Housing Appeals Guide

This guide is meant to help students prepare appeals to the requirement to live on campus at Western State Colorado University. Utilizing this guide does not guarantee that a housing appeal will result in an appeal being granted but it will provide the student with the information that will allow them to make an appeal that will receive consideration by the Housing Appeals Board.  Additionally, some housing appeals are made in order to not be assigned in traditional residence halls but rather in apartment style housing.  A section of this guide will address appeals of this sort as well.

Two sections of the housing contract provide guidance when making an appeal:

Number 1 of the housing contract states:

1. STUDENT LIVE-ON REQUIREMENT: All full time entering students are required to live on campus for their first two years in attendance at Western State Colorado University.   Students in their first year are required to live in Living-Learning communities which are located in traditional Residence Hall units. All students residing in traditional residence halls are required to have a meal plan.  Students in their second year may continue to live in traditional residence halls or if available opt to live in apartment style housing where a meal plan is not required. Exceptions to these requirements must be approved by the Director of Residence Life and will only be granted under the following circumstances: (1) the student is married(2) the student is living with parents or legal guardian(3) the student is at least 21 years of age by the first day of classes(4) the student has lived on campus for the equivalent of two full academic years at another college or Universityor at Western(5) the student is an honorably discharged veteran.  Students who are enrolled full-time during any part of a term and do not meet these requirements will be assigned a space and required to pay all room and board charges associated with the space for the term. Students who fall below full time status after the first day of classes of their first semester at Western are still subject to the live on requirement for the full contract period.

 

  • Students who are in civil unions or will be should be able to produce a license as documentation and to have the requirement to live on campus waived.
  • Students who will be residing with a parent or a legal guardian and commuting to school must have their parent provide proof of residence.  Additionally, that residence must be within a reasonable commuting distance of the campus.
  • Students who will be 21 years of age prior to the first day of classes in the fall semester must notify the Director of Residence Life that they do not wish to live on campus.  A simple check of the student’s birthday will be enough to waive the live-on requirement.  Students who turn 21 after the first day of classes may still appeal but the appeal will be reviewed on a case by case basis.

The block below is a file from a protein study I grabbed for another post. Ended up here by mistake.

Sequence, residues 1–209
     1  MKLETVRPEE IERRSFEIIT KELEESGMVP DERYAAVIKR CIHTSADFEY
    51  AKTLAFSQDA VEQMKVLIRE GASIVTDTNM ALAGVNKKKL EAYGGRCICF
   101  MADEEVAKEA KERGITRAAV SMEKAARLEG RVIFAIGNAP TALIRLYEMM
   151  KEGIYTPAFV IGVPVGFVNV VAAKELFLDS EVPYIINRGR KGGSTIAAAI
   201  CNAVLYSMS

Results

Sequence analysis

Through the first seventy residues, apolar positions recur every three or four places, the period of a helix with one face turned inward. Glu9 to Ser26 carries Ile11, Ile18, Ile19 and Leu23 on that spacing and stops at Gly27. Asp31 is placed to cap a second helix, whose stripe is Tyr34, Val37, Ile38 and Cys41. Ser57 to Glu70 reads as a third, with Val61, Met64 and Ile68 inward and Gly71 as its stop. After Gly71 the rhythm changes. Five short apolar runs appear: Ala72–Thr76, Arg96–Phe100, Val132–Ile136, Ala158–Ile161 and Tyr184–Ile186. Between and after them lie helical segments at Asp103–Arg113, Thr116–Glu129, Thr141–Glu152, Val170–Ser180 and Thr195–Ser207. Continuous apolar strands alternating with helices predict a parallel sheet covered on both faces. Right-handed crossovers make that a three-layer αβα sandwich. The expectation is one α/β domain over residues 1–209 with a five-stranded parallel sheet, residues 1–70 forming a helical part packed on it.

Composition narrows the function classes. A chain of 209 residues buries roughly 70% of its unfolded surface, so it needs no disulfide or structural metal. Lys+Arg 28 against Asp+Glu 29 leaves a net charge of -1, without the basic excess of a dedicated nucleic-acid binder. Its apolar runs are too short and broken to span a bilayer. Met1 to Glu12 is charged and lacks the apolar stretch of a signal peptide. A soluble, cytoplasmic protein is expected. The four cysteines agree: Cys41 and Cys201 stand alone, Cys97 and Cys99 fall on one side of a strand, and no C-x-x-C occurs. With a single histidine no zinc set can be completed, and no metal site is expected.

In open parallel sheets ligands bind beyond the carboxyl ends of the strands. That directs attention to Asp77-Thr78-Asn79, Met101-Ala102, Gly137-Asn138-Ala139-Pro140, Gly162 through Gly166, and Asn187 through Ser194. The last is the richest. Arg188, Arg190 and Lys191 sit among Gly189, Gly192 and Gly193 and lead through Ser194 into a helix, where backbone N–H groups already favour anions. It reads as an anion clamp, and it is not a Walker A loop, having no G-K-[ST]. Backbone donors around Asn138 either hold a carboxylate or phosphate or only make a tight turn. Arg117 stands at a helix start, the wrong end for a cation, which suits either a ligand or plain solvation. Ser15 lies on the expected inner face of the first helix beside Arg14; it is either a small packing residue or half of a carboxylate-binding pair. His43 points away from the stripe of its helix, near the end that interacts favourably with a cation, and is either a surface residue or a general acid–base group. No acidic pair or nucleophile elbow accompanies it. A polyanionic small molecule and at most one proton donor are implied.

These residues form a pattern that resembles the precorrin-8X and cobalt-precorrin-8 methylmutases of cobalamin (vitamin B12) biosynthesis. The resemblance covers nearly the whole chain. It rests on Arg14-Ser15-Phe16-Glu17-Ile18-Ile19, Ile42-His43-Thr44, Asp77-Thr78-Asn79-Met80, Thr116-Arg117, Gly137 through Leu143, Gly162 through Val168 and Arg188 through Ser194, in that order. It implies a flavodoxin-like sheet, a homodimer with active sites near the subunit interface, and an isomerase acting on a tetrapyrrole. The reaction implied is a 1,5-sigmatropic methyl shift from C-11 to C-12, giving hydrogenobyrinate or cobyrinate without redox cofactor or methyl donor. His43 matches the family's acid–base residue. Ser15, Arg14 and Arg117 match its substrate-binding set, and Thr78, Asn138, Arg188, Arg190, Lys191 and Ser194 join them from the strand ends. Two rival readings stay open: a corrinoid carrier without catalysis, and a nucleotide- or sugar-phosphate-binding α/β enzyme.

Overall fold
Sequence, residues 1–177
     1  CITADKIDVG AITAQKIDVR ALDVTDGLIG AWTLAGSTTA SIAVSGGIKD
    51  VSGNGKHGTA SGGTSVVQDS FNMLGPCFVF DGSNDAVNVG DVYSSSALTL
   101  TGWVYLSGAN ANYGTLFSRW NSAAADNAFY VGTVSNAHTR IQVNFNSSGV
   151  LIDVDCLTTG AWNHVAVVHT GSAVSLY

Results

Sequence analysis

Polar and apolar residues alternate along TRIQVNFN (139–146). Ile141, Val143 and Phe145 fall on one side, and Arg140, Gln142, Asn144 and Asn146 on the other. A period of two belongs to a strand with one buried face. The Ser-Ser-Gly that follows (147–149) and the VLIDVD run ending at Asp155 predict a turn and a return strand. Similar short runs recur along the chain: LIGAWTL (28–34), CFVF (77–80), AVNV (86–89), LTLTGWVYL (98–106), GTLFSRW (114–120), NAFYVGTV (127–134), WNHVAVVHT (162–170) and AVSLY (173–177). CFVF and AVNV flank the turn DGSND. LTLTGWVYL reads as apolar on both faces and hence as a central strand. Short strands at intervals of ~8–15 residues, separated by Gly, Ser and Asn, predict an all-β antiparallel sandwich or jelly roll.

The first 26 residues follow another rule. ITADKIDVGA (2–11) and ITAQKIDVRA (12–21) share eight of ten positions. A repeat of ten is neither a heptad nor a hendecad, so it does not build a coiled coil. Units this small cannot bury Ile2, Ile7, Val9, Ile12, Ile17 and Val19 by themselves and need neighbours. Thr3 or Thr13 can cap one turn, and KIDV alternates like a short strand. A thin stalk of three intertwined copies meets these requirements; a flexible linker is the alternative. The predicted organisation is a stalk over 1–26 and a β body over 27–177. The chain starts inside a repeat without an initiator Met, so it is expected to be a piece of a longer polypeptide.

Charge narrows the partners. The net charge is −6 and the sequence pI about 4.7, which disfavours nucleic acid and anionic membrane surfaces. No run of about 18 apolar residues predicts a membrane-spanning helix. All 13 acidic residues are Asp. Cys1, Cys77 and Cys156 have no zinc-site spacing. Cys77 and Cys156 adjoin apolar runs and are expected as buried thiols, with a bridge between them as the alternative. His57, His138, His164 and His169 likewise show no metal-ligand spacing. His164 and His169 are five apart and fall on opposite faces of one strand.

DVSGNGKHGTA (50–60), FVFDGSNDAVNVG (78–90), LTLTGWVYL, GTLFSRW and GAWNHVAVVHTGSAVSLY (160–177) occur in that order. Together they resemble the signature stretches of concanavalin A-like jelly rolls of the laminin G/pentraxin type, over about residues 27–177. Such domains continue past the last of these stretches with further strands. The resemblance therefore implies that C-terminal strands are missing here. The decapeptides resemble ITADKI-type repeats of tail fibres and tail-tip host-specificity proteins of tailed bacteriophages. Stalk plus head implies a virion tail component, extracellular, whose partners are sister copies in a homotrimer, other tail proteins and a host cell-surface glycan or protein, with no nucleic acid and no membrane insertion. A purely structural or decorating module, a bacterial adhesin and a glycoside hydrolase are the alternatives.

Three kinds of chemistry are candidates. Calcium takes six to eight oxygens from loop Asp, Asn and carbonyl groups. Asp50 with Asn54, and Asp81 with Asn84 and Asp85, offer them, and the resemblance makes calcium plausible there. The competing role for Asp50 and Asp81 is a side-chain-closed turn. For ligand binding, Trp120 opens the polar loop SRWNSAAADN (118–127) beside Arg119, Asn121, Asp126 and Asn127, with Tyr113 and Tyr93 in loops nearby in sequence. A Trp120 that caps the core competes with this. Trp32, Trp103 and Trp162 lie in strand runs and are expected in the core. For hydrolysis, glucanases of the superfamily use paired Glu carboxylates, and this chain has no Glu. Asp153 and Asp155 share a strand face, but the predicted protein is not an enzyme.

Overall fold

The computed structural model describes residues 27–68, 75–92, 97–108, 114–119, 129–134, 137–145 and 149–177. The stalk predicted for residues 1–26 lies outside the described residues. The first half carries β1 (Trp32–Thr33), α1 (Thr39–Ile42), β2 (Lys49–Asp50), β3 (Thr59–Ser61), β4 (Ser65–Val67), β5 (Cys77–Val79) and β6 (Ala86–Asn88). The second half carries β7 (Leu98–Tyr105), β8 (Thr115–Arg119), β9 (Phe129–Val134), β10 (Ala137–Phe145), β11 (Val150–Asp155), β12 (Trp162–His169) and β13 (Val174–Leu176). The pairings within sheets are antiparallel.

• Students who have lived on campus at Western for two years already are exempt from having to live on campus for any additional years even if they are not yet 21 years of age.  Students who have transferred into Western and have lived on campus for 2 years will need to have the institution they were at verify with the Office of Residence Life that they have lived on campus for two years.  Students who have transferred into Western with one year of having lived on campus at their previous institution of Higher Education and then live one year on campus at Western need only have their previous institution verify with the Department of Residence Life that they do have a year on campus elsewhere to be eligible to live off campus.
  • Students who are honorably discharged veterans need only produce their discharge papers in order to not be held to the two year live-on requirement.

 

2. Number 5 of the Western Housing Contract States: pertains to Contract Termination/Cancelation and covers Termination/Cancelation for students who either are leaving the University or remaining enrolled but having their contract canceled/terminated.

Section A of number 5 states:  A student may cancel/terminate their Housing Contract at any time without penalty under any of the following circumstances:

1) Marriage

2) Graduation

3) Military Duty

4) Untimely Death of an Immediate Family Member

5) Serious Medical Condition

6) Significant Financial Hardship (must have occurred after the contract was signed)

7) Withdrawal from the University.

Written notice must be provided to the Director of Residence Life along with the appropriate documentation in order to be approved for the contract termination and to receive a refund of the housing deposit and any portion of the housing fees as described in section #6 of this housing contract.  This Contract will be considered null and void with no financial obligation if the student does not enroll at Western, however, any cancelation of this contract made after July 1st will result in a forfeit of the $100 deposit.  Students, whether they have signed a contract or not are required to live on campus for two years if they are under the age of 21 years.  Those who fail to complete a contract but who are registered for classes are subject to the same terms contained in this contract.

 

  • Once again if a student is getting married or has gotten married a copy of the license will suffice to allow the contract to be cancelled without penalty.